News in cooperation with eceee.org
It’s time for recovery finance to step up
(EurActiv, 11 Nov 2020) Development banks and finance institutions must step up if we are to make the sustainable recovery needed after the COVID-19 pandemic, write Rachel Kyte and Laurence Tubiana.
While the risk of a second coronavirus wave was always there, the rapidity with which we’ve been driven back into lockdown has taken the country by surprise. We now feel a long way off ‘recovering’ from the pandemic, both in health and economic terms. While the chance of a vaccine in the next few months looks promising, there is broad agreement that it won’t be the silver bullet that allows life to ‘go back to normal’ anytime soon. So, the reality is that we need to learn to live with the virus, at least in the short term. This includes working out how we continue to make progress to address the other, longer term crisis we face: that of climate change and the destruction of nature.
This week marked the first-ever global summit of development banks, a group comprised of 450 financial institutions that together manage a massive $11.2 trillion toward economic activities for the public good.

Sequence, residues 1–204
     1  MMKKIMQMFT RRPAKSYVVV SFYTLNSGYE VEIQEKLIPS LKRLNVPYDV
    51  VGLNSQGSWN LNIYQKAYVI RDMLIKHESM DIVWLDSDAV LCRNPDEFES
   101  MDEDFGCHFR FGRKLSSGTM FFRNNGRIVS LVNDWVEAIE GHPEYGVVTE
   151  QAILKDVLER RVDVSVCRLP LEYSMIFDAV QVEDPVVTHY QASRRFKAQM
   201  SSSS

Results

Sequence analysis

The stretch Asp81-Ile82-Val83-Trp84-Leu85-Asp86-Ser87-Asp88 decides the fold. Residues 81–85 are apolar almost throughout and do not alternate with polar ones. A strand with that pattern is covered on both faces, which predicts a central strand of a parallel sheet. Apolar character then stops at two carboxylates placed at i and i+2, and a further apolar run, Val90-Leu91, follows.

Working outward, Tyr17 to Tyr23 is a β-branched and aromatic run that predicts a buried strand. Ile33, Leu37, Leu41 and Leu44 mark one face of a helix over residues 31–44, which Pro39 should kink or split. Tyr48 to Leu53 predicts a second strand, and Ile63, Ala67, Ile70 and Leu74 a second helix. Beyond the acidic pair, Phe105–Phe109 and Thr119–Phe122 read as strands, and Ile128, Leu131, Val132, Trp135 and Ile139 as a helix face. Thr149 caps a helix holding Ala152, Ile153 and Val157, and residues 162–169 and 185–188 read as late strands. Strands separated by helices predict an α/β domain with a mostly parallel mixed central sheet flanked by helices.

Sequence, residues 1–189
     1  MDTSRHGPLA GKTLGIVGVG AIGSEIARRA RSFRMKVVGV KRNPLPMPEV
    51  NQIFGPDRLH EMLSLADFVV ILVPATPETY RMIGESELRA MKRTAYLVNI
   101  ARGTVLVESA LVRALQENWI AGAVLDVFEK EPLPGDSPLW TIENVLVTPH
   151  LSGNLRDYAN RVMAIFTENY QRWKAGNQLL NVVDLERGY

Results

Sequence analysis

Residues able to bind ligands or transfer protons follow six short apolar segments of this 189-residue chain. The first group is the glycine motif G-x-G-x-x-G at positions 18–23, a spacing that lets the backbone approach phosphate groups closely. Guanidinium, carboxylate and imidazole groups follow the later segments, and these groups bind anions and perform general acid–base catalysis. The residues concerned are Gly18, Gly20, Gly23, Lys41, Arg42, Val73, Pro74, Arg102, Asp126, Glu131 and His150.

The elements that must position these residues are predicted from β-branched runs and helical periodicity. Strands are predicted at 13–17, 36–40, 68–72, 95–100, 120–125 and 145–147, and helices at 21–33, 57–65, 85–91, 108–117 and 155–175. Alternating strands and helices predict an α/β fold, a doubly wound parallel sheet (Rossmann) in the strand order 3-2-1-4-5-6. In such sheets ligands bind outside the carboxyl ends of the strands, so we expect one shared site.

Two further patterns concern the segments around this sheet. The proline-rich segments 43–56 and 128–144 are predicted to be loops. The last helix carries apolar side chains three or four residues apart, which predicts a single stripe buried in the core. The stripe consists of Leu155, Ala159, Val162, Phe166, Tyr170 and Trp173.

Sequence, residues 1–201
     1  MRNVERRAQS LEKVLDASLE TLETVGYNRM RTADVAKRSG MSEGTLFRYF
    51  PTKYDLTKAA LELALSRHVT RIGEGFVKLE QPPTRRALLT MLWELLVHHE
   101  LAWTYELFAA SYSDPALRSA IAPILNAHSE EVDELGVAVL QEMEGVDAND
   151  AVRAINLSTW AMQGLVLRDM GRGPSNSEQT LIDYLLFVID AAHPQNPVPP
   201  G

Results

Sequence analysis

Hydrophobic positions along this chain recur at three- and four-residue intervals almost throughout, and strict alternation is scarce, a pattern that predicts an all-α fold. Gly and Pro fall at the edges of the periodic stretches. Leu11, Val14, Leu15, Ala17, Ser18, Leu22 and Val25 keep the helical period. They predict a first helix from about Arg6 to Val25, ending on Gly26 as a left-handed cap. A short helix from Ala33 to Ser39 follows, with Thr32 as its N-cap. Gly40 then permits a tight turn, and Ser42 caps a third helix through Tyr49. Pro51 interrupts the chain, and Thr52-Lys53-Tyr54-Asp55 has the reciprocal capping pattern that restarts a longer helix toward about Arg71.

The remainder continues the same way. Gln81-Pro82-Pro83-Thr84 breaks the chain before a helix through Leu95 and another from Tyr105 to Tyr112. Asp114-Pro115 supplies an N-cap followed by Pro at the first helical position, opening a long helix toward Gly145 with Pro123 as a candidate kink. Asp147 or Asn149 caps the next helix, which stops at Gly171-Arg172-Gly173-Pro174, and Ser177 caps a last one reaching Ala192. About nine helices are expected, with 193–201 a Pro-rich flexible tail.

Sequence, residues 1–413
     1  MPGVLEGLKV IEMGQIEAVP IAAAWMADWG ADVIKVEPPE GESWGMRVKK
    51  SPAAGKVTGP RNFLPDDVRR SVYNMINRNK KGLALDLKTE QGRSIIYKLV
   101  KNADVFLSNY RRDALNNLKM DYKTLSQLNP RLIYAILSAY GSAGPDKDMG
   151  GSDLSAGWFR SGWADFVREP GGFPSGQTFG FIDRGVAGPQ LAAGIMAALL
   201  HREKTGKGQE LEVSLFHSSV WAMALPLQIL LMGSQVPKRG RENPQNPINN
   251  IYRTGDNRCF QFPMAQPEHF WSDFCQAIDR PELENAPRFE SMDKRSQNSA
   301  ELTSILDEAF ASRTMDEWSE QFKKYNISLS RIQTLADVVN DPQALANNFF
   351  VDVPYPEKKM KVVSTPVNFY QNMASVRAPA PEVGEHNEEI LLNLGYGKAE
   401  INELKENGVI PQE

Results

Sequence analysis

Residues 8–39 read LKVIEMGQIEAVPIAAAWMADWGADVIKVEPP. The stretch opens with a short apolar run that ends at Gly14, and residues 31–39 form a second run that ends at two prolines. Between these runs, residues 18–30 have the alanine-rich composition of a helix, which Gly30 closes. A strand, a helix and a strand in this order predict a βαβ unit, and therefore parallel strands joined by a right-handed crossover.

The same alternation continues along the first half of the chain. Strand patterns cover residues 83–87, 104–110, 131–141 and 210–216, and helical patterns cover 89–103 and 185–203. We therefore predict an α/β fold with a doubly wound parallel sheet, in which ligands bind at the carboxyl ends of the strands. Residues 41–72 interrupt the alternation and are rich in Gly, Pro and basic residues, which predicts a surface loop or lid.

While we applaud the organizers of the Summit for convening this important group during this critical time, we also call on these banks, and other important actors in development finance, to step up.
Now, more than ever, development finance has a role to play in addressing both short and long-term needs, setting market signals, and taking risks the private sector can’t bear – all roles crucial for setting the trajectory toward a more sustainable future.
Rachel Kyte is Dean of The Fletcher School and Board member of Climate Policy Initiative (CPI). Laurence Tubiana is CEO of the European Climate Foundation (ECF).
The energy sufficiency library
eceee's energy sufficiency library contains all concept papers, workshop reports and presentations from the Energy Sufficiency project. It also highlights relevant reports from other sources to help you dig deeper and better understand what sufficiency might mean for you and our society.